At length the fury of the storm abated, and nature, fatigued with fear and watching, sank into rest. But when the morning rose, and the universal lamp of heaven emerged from the deep, how was I struck with astonishment! I expected to have seen a world in ruins, which nothing but a new creation could have restored. Instead of which, the prospect was lovely and inviting, and had all the promising appearance of exceeding its former glory. The air, purged of its poisonous vapours, was fresh and healthy. The dried fountains were replenished, the waters sweet and wholesome. The sickly earth, recovered to new life, abounded with vegetation. The groves were musical with innumerable songsters, and the long-deserted fields echoed with the joyous sound of the husbandman. All, all was felicity; and what I had dreaded as an evil, became a blessing. At this happy reflection I awoke; and having refreshed myself with another draught from the friendly spring, pursued my journey.  4
  After travelling a few miles I fell in with a companion, and as we rode through a wood but little frequented by travellers, I began, for the sake of chatting away the tediousness of the journey, to relate my dream. I think, replied my friend, that I can interpret it: That beautiful country which you saw is America. The sickly state you beheld her in, has been coming on her for these ten years past. Her commerce has been drying up by repeated restrictions, till by one merciless edict the ruin of it is compleated. The pestilential atmosphere represents that ministerial corruption which surrounds and exercises its dominion over her, and which nothing but a storm can purify. The tempest is the present contest, and the event will be the same. She will rise with new glories from the conflict, and her fame be established in every corner of the globe; while it will be remembered to her eternal honour, that she has not sought the quarrel, but has been driven into it. He who guides the natural tempest will regulate the political one, and bring good out of evil. In our petition to Britain we asked but for peace; but the prayer was rejected. The cause is now before a higher court, the court of providence, before whom the arrogance of kings, the infidelity of ministers, the general corruption of government, and all the cobweb artifice of courts, will fall confounded and ashamed.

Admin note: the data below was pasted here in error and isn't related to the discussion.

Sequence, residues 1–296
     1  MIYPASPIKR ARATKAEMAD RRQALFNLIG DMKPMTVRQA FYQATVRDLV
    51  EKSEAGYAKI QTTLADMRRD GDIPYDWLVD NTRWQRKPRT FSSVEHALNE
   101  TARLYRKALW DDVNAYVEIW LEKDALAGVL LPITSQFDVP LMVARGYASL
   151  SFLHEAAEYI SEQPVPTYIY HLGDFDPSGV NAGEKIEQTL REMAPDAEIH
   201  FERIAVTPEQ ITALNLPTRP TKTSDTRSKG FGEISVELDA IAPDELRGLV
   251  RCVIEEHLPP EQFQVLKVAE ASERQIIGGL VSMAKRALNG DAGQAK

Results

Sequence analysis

BUCKS COUNTY.
  5
 
Note 1. From the Pennsylvania Magazine, June, 1775.—Editor. [back]